As educators, we are asked to reorient globalization toward a fractured conception of the global. Once filled with flow and circulatory metaphors, the rhetoric now is often one of exploding borders between disciplines. We are urged to engage with a range of irresolvable frictions, scattered fragments, and disunities. Fukiyose, literally “blown together,” is a Japanese narrative device where unexpected accretions of discrete people and things come together, transformed in creative and collective ways. How might this aesthetic reorient our understanding of the material legacies of the Japanese presence in Southeast Asia?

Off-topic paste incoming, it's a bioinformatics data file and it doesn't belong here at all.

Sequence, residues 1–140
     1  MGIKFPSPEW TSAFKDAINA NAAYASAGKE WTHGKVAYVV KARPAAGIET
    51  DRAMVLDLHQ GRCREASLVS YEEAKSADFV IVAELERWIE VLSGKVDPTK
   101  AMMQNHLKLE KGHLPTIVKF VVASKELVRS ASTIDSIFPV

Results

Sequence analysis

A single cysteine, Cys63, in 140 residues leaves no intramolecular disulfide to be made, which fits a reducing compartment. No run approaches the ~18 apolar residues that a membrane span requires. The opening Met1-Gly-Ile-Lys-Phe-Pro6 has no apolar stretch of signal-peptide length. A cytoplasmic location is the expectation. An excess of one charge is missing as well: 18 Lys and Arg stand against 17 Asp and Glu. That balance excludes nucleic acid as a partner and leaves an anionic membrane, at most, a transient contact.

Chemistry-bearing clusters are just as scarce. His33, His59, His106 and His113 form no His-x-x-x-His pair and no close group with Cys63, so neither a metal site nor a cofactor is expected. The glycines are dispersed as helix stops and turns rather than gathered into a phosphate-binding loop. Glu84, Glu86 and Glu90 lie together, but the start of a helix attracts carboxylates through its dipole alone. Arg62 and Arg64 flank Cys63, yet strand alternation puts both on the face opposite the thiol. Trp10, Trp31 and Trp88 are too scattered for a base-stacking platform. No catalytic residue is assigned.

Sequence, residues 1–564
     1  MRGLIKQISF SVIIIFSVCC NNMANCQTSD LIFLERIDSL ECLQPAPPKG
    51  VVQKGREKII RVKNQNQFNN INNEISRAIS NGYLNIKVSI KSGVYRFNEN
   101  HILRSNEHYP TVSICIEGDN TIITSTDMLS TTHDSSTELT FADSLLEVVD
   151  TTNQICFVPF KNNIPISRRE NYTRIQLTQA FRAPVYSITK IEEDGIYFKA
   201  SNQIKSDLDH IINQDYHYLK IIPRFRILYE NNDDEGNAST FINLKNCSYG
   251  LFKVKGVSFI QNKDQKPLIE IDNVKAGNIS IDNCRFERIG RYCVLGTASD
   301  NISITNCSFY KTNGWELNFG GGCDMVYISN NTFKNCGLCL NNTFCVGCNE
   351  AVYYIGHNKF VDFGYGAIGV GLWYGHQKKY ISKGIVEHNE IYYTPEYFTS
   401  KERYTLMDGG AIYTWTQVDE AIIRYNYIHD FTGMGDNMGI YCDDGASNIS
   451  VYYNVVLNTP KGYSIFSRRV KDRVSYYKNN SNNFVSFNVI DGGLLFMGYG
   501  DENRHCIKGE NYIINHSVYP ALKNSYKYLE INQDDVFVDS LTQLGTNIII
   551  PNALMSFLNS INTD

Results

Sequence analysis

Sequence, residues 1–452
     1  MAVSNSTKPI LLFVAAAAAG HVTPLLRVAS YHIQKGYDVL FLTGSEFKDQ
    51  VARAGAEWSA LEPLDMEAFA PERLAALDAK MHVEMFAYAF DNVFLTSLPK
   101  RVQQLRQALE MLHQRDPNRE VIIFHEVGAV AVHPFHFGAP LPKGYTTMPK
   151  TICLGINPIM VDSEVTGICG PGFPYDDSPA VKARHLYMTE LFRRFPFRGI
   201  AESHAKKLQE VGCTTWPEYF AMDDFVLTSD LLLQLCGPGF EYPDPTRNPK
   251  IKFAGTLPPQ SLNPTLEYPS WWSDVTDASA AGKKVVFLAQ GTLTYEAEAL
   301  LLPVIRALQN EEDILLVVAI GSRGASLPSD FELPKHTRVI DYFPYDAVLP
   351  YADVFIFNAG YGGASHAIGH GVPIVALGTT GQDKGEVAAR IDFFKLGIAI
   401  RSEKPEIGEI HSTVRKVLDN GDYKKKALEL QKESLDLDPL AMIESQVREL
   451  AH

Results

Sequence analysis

Inter-Asian patchwork impulses in the Tokugawa (1600-1868) period counter the narrative of Japan’s “sakoku,”or isolationist policy. Locally and historically situated aesthetics, like fukiyose, may be applied to counter the current globalizing rhetoric. When we consider being “blown together” rather than “exploded apart,” we can revisit the question: how enduring was Japan’s trading legacy in Southeast Asia? What aesthetic, political and commercial impacts did Japanese traders, adventurers, and colonists have on local Southeast Asian societies? What impacts do overseas connections continue to have on Japan’s and Southeast Asia’s own internal artistic, economic and political developments today? This panel seeks to explore an historical patchwork of inter-Asian aesthetics—made materially evident in anything from architecture to cinema; textiles to paper theater; shadow play to paint—as it reflects the Japanese presence in Southeast Asia before and after World War II.